Casino Royale | Study Guide

Ian Fleming

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Casino Royale | Chapter 12 : The Deadly Tube | Summary



James Bond mentally wallows in his loss for a few moments and looks over at Vesper Lynd. Moments later the table's huissier, or attendant, hands him an envelope full of money. The note inside reads, "Marshall Aid. Thirty-two million francs (approximately $843,548). With the compliments of the USA." Bond is back in the game as long as Le Chiffre hasn't already made the 50 million francs (approximately $1.3 million) he needs to pay back the union. He hasn't—he still needs eight million francs (approximately $210,880). Le Chiffre sets the bet at 32 million francs. It is only the second time in the history of baccarat the stakes have risen that high.

Bond accepts the bet. The game's supervisor—chef de partie—checks to make sure Bond actually has enough money. As the croupier counts the crisp bills, Bond feels a gun pushed into the small of his back. Le Chiffre's thug whispers Bond must withdraw his bet by the count of 10 or he will shoot. No one else, not even Felix Leiter or Vesper Lynd, realizes what's going on. Bond is on his own. When the gunman reaches the count of 7, Bond throws himself backward. His tipping chair jerks the gun out of the thug's hands. Bond, feigning embarrassment at his "momentary faintness," is pleased to see Le Chiffre's "fat, pale face" looks frightened. The gunman is gone, but his walking stick remains. Its rubber tip is missing. Bond tells the huissier to give the cane to Leiter, then prepares to get back in the game.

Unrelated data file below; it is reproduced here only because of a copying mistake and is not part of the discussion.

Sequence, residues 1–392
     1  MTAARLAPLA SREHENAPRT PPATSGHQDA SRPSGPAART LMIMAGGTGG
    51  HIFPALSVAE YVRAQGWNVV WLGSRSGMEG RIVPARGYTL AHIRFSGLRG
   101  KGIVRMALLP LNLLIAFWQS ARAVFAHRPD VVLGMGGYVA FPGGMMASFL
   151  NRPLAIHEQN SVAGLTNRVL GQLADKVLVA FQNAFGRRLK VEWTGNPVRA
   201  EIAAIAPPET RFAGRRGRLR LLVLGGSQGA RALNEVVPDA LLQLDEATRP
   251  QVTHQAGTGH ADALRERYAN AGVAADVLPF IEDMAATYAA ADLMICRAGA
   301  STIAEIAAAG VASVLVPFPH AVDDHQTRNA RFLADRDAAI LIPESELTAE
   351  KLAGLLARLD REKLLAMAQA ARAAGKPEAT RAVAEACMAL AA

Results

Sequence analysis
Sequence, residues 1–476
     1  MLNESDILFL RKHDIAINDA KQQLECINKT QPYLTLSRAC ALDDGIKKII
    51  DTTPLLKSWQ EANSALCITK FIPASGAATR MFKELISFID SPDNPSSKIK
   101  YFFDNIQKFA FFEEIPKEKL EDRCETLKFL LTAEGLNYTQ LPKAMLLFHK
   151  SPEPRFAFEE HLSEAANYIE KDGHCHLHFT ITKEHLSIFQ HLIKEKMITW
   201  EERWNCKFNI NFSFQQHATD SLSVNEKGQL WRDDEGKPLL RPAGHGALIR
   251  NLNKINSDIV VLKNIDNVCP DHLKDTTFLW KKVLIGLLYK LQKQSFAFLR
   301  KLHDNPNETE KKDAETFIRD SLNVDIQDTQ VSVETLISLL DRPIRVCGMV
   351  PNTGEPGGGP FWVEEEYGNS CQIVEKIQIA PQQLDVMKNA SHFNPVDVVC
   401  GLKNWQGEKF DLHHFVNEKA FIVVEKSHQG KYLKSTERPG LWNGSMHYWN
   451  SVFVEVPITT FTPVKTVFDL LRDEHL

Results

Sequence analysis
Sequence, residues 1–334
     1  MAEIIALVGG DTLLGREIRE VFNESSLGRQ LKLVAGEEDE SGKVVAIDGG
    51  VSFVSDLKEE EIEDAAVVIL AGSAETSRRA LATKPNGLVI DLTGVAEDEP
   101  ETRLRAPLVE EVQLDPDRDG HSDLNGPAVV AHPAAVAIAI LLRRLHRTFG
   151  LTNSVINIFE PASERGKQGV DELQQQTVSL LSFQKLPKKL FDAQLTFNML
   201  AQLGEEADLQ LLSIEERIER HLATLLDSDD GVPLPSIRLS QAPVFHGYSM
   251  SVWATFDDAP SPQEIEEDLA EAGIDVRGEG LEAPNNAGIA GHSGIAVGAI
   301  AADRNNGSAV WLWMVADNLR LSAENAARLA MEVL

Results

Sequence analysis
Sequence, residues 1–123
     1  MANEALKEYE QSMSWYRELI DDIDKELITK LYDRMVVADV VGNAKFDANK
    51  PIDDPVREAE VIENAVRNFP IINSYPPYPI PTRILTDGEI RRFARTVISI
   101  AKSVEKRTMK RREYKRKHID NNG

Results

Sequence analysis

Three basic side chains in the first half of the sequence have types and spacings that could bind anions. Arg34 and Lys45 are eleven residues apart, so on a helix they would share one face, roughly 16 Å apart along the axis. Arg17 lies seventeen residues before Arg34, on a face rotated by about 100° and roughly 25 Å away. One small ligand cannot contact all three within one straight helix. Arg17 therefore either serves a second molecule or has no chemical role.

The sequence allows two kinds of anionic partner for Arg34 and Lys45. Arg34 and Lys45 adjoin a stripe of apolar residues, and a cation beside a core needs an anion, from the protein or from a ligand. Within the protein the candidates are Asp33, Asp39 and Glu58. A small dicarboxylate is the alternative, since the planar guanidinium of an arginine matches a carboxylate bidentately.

The mention of "Marshall Aid" in Felix Leiter's note to Bond is a reference to the American Marshall Plan, which during 1948–51 sent $13 billion in postwar financial aid to Europe. Also known as the European Recovery Program, the Marshall Plan was named after George C. Marshall, the U.S. Secretary of State in 1947–49. Leiter's allusion illustrates the nature of the relationship between the United States and Britain during the early years of the Cold War, at least from the superior British point of view—the United States funds the cause while the British handle strategy and skill.

Like the surprise explosion earlier in the day, Bond's second brush with death occurs in a public place. Dozens of onlookers, including Leiter and Vesper Lynd, are mere feet away from Bond when the Corsican gunman threatens his life. This scene highlights some of Bond's more notable character traits:

  • He is more attuned to danger than anyone else in the room. Time and time again, he sees threats others overlook.
  • Trouble finds him. His job and his willingness to take risks make him a target for his opponents—even in a room crowded with witnesses.
  • He can only rely on himself. Bond has a partner and two allies in this endeavor, but none of them are paying attention to his personal safety. They assume the only risks in the casino involve money, and they are literally looking the other way when the Corsican whispers in Bond's ear. No matter how many people are on his side, Bond must operate as if he's on his own.
  • He is willing to risk his life for the mission. Bond could have retracted the bet as the gunman instructed, but he chose to carry on.
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